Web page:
Deublin “SpindleShield” Rotary Unions (Rotating Joints) for CNC Machining Centers

February 13, 2009 at 3:44 pm | Posted in Coolant Unions, Industry & Manufacturing, Rotary Couplings, Rotary Unions, Rotating Joints, Rotating Unions | 1 Comment
Tags: , , , , , , , , , , , , , , , , ,

DEUBLIN Company announces SpindleShield™ technology for use with the most sophisticated CNC machines. DEUBLIN coolant rotary unions with SpindleShield™ employ a unique patent-pending electronic leak detection system that detects coolant problems and allows for rapid machine shutdown.

Rotating Union - Rotary Union - Coolant Union

Rotating Union - Rotary Union - Coolant Union

Machining centers with through-coolant spindles require coolant unions to deliver coolant at high pressures through the cutting tool at the cutting surface. For dry running cycles or machining operations with multi-media such as air, MQL or coolant, DEUBLIN offers coolant unions with patented Pop-Off™ and patent-pending AutoSense™, a technology that separates the seals in the absence of coolant and allow indefinite dry run or multi-media capabilities. During each cycle from one mode to the other, a minute amount of coolant spills out, which must be collected and drained. Excessive leakage, if not detected, may leak past the spindle seals and eventually contaminate and damage the spindle bearings.
DEUBLIN introduces SpindleShield™, an industry first and revolutionary new technology for CNC machining centers. SpindleShield™ protects the spindle and prevents replacement of spindle bearings by allowing rapid, automatic shutdown of machines. The combination of remote diagnostics and a positive leak detection system virtually eliminate unnecessary preventative maintenance and costly spindle repair. This technology can be easily integrated into any standard system bus.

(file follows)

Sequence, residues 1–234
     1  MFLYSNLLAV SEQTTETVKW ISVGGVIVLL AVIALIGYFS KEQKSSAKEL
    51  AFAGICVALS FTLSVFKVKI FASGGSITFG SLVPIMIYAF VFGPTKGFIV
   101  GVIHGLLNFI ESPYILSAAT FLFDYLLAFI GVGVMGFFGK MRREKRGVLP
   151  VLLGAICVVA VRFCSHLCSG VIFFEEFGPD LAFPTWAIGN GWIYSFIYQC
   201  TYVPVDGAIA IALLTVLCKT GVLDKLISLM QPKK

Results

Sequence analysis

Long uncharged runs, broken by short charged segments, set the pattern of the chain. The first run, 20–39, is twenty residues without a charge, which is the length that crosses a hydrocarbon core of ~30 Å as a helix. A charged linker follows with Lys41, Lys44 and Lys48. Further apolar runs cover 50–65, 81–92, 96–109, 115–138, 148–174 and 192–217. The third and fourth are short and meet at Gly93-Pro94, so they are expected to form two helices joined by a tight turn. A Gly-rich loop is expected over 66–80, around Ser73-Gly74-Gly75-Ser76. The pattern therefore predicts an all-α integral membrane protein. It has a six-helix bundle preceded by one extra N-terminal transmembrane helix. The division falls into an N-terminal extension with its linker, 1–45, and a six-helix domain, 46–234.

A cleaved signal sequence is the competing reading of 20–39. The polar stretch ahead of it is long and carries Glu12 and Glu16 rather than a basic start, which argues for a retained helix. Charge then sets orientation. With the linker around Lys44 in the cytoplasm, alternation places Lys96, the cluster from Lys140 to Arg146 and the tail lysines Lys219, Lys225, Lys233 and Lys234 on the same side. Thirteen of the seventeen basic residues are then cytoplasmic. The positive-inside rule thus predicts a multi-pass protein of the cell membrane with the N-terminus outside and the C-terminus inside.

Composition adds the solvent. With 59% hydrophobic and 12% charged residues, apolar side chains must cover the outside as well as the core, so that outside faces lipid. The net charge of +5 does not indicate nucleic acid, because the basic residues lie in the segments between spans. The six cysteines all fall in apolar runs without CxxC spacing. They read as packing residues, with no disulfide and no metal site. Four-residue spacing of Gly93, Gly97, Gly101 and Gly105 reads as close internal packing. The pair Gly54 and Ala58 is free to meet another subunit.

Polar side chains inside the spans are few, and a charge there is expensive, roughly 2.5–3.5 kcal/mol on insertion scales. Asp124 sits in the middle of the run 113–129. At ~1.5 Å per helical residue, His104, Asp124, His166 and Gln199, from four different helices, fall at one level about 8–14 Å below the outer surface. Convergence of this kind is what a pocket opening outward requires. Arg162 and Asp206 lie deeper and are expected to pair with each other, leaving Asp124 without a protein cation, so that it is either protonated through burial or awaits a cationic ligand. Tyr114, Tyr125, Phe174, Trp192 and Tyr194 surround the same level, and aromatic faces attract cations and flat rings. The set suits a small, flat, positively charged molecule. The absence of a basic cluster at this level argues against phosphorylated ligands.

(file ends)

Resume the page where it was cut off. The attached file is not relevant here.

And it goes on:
Rotary unions are also known as rotating unions, rotary joints, rotating joints, and rotary couplings.

Advertisements

1 Comment »

RSS feed for comments on this post. TrackBack URI

  1. More complex control systems using valves requiring automatic control based on an external input require an actuator. An actuator will stroke the valve depending on its input and set-up, allowing the valve to be positioned accurately, and allowing control over a variety of requirements.


Leave a Reply

Fill in your details below or click an icon to log in:

WordPress.com Logo

You are commenting using your WordPress.com account. Log Out /  Change )

Google+ photo

You are commenting using your Google+ account. Log Out /  Change )

Twitter picture

You are commenting using your Twitter account. Log Out /  Change )

Facebook photo

You are commenting using your Facebook account. Log Out /  Change )

Connecting to %s

Blog at WordPress.com.
Entries and comments feeds.

%d bloggers like this: